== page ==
JACKI LYDEN, HOST:
It's WEEKENDS on ALL THINGS CONSIDERED from NPR News. I'm Jacki Lyden.
Around the turn of the 19th century, a young Winston Churchill found himself in South Africa. He was serving in the army and as a war correspondent covering the Boer War. One day, he put a blue pencil to army-issued notepaper and conveyed his thoughts about the conflict in a 40-line poem. More than a century later, the poem, "Our Modern Watchwords," was discovered by a retired manuscript dealer.
It went up for auction at Bonhams in London. It created a lot of buzz. The experts said it should fetch about $23,000. But the results were underwhelming. "Our Modern Watchwords" failed to sell at all. Now, it's been returned to its owner, the future uncertain for the poem. So we called in a professional poetic assessment by Paul Muldoon who is The New Yorker's poet and Princeton University humanities professor. Paul Muldoon, thank you so much for joining us.
PAUL MULDOON: It's a pleasure.
LYDEN: You had a chance to look at an excerpt of the poem. Would you be kind enough, Paul Muldoon, to read a few sterling words?
MULDOON: (Reading) The shadow falls along the shore, the search lights twinkle on the sea, the silence of a mighty fleet portends the tumult yet to be. The tables of the evening meal are spread amid the great machines, and thus with pride the question runs among the sailors and Marines. Breathes there the man who fears to die for England, Home and Wai-hai-wai.
LYDEN: Well, it is a war poem. It is a poem that is speaking to adversity. Where do you put this?
MULDOON: You know, I think one of the reasons why there may not have been as much interest in it in the auction and indeed one of the reasons why there are not so many more poems by Winston Churchill is that the general pressure per square inch here, I think it's fair to say, is not very high. One of the things that he does, of course, is to use more words than are absolutely necessary.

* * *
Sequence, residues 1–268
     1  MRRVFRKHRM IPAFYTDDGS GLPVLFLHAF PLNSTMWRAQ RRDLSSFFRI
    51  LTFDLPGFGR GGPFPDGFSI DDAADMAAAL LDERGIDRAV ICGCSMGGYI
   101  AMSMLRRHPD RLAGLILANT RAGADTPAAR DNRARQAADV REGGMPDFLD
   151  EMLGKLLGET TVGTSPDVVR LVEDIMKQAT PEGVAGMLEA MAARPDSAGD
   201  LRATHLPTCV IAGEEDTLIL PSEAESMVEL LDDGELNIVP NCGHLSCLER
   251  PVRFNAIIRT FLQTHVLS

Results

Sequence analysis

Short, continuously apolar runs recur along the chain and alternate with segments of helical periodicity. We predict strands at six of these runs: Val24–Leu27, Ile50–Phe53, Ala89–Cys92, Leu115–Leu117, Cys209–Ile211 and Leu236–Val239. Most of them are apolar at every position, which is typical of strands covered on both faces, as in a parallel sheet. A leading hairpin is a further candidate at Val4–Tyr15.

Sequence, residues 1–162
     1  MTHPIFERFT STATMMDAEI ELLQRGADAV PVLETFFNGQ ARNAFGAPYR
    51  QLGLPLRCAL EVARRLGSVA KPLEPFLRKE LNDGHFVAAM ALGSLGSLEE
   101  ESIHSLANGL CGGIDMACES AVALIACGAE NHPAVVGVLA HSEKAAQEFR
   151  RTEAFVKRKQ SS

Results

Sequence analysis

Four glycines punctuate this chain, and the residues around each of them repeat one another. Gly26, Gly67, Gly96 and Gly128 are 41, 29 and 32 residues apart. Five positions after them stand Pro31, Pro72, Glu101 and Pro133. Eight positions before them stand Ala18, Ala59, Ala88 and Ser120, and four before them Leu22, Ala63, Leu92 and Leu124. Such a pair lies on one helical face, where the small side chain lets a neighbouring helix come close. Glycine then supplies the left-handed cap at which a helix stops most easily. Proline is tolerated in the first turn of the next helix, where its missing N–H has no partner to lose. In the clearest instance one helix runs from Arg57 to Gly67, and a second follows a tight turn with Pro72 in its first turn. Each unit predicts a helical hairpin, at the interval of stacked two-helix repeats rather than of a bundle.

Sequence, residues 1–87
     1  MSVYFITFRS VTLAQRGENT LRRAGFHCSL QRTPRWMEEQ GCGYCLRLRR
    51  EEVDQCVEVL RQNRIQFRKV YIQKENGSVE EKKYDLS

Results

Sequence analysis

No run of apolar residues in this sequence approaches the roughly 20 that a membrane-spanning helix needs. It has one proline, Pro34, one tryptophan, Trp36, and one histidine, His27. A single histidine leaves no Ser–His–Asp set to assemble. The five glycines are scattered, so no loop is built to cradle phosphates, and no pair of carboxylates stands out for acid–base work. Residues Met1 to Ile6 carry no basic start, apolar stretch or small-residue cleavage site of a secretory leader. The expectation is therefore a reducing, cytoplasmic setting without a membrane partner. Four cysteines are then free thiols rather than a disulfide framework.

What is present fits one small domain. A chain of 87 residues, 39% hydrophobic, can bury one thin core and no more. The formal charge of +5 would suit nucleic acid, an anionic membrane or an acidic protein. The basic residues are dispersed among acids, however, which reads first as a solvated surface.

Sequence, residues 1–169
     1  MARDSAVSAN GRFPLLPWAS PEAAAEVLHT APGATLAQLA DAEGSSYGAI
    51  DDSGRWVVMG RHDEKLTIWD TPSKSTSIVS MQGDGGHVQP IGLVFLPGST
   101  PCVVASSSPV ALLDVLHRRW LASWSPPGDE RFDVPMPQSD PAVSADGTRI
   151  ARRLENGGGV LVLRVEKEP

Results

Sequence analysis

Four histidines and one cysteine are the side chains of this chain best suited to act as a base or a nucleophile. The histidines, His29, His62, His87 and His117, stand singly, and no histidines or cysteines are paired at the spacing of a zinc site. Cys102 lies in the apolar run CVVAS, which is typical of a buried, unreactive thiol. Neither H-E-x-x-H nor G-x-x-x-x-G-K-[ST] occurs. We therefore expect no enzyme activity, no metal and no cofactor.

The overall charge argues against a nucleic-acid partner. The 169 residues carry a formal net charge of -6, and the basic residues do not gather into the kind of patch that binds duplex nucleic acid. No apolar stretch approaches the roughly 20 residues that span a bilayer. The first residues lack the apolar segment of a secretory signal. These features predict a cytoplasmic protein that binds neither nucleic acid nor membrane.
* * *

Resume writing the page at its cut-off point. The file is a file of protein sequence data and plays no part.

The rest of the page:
So for example, when he talks about the sailors and Marines, it's a little difficult to distinguish between those two. There's a little bit of a redundancy there. The fact of the matter is, of course, that Churchill was a fabulous writer. He was a terrific prose stylist.
LYDEN: Of course, he's really famous for the speech, "Never Surrender" after the evacuation of British forces from Dunkirk in 1940.
(SOUNDBITE OF ARCHIVED RECORDING)
WINSTON CHURCHILL: We shall fight in the fields and in the streets, we shall fight in the hills, we shall never surrender.
MULDOON: I'd say that in general, there's nothing that's going to be passed on from generation to generation here. But this is very early on, as you say. We think it's from about 1900, and there's that strange reference to Wai-hai-wai, which was part of the British colony sometimes known as Port Edward, which the British had taken over in 1898.
LYDEN: Here's one thing I really do like. It's (unintelligible) he would even try to do it. We have seen a lot of contemporary soldiers write poetry, and he's trying to commemorate.
MULDOON: That's right. And in that sense, of course, he prefigures some of the great English soldier poets, something of Edward Thomas, Isaac Rosenberg, of Wilfred Owen, the poets who fought in what would be the Great War 14 years down the road, and who, in their reports from the front line, gave us some sense of what it was like to fight under those terrible conditions. This poem is written ever so slightly at a remove. It's a - has a slightly haughty tone. And, of course, we know that Churchill saw battle, but one wouldn't necessarily believe that from what we have here.
LYDEN: Paul Muldoon, The New Yorker poetry editor, Princeton University humanities professor, thank you again.
MULDOON: It's a pleasure. Thank you.
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